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Friday 6 December 2019
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We mindf—ed ourselves

Mark Lyndersay
Mark Lyndersay

"The release of atom power has changed everything except our way of thinking…the solution to this problem lies in the heart of mankind. If only I had known, I should have become a watchmaker." - Albert Einstein

The list of benevolent inventions, created to help the human race that have been weaponised is long, so it's a bit surprising that it's taken us this long to realise that the wonders of the Internet, built on the open sharing of information, might inevitably result in abuse.

Christopher Wylie's new book MindF--k is another strategic tool, one that's been deployed to recast the notorious whistleblower as a naive innocent who found his desire to advance his research into data-driven sociological analysis perverted and abused by powerful political interests and greedy businessmen.

The simple fact is that the UNC was, over the last two decades, dramatically more clever and advanced in its thinking about the role of data in the electoral process than the PNM ever seemed to be.

In the run-up to the 1995 election, there were widespread reports of UNC troops on the ground gathering information on Palm Pilots, then a-cutting edge handheld technology device.

During the 2010 election campaign the People's Partnership coalition made extensive use of memes and geotargeted online advertising, swamping browsers with swaths of yellow and the face of political leader Kamla Persad-Bissessar. The response to Wylie's book locally by TT officialdom has been, to put it charitably, embarrassing.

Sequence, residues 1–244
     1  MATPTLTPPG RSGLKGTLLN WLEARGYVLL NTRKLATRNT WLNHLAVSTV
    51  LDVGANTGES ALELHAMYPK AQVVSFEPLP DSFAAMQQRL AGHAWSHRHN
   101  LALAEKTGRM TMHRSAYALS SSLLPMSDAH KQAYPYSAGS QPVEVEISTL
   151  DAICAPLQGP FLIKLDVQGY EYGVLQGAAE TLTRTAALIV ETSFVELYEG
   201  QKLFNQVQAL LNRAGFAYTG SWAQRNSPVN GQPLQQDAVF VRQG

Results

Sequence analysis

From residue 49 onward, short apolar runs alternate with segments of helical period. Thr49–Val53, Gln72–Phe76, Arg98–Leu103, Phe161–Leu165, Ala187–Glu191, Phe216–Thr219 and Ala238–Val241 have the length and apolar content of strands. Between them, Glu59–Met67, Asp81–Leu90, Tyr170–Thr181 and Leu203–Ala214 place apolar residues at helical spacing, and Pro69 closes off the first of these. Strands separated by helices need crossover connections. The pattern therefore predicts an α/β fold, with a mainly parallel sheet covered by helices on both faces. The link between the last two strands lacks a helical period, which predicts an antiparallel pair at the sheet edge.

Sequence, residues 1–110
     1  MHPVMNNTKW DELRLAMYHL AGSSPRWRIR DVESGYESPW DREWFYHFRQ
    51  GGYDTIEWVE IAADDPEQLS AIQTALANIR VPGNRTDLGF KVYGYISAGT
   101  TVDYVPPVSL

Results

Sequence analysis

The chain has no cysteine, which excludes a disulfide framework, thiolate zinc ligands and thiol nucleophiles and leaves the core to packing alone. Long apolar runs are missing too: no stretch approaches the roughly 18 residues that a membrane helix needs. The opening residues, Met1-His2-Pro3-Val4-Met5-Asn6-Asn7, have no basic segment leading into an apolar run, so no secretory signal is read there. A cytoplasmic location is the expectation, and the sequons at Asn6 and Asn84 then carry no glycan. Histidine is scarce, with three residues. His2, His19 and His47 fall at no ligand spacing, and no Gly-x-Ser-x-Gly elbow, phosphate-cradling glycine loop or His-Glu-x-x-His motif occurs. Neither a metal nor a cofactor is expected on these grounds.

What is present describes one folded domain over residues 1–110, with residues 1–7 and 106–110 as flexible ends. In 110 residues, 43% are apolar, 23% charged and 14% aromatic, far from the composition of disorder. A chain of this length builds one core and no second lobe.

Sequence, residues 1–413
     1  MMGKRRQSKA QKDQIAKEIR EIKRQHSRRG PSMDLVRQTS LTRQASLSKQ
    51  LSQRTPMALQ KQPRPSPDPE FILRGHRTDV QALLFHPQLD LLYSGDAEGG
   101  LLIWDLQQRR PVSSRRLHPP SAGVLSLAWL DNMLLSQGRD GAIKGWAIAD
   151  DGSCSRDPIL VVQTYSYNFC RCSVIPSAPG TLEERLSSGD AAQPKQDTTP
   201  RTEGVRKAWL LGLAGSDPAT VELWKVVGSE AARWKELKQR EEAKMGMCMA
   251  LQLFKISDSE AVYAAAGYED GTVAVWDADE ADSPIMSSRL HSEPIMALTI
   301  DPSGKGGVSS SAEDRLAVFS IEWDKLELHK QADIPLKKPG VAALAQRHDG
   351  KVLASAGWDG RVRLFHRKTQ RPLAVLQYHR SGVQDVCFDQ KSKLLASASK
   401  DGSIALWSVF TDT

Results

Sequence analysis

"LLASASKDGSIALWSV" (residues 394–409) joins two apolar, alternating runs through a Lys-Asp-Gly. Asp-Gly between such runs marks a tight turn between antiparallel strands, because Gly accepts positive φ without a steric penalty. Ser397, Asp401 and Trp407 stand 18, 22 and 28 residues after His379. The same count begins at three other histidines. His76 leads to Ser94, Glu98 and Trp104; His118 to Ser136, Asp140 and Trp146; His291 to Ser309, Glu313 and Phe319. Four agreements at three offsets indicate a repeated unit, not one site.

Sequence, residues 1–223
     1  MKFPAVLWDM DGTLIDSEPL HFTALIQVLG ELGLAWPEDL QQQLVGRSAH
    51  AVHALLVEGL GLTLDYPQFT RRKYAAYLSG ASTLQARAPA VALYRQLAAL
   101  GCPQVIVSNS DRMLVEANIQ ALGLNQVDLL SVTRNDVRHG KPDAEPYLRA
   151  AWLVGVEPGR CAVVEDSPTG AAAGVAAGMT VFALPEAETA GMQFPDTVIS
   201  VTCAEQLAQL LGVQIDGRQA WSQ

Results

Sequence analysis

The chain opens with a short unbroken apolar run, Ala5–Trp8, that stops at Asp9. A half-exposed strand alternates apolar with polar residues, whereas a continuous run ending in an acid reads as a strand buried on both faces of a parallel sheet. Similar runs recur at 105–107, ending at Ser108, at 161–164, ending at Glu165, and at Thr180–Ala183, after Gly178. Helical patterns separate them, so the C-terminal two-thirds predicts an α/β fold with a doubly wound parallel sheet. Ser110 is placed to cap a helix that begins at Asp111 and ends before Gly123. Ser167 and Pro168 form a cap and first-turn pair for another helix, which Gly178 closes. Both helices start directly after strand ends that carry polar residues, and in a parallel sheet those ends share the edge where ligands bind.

Nothing in the book wasn't news last year when the CA story broke, so pegging probes and investigations on year-old news because there's a new book to wave around stinks of opportunistic politics, when it happens weeks before the local government elections.

The National Security Minister's worry about data mining that might have occurred in 2010, following on his own publicly avowed distaste for social media and its impact on society, suggests that he may not entirely understand how digital harvesting of personal information works in the 21st century.

Both Digicel and TSTT have issued statements denying involvement and pledging their companies' commitment only to respond to legal requests by government.

To clarify, for our elected leadership, data is being harvested on online networks all the time. We give it up for the convenience of modern services and because the line between using a product and being the product has been so cleverly blurred that the idea of sharing intimate, targetable details about our lives is now commonplace and accepted.

A bank could not ask for the information we volunteer to sign up for social media services without raising eyebrows. A bank could not view and monitor our search histories, personal opinions, chat sessions and e-mails for its own advantage – but Facebook and Google do so every minute of every day.

Information shared freely on these services fuels a range of advertising and promotional purposes because that's how social media works and always has.

According to NapoleonCat, a service that monitors global social media use, there were 857,000 Facebook users in TT in October 2019. Instagram and Messenger, platforms also owned by Facebook, clock in at 400,500 and 476,000 users locally, respectively.

Most of those users voice their opinions and preferences freely, and it wouldn't take a hack to scrape all that data and analyse it, just a well-programmed digital bot.

This fulminating, inclusive of plans to interview Wylie, has the stink of E-mailgate about it: accusations that play to the party faithful while having little substance in provable reality or prosecutable practicality.

It's also stupid. And a new generation of voters knows it.

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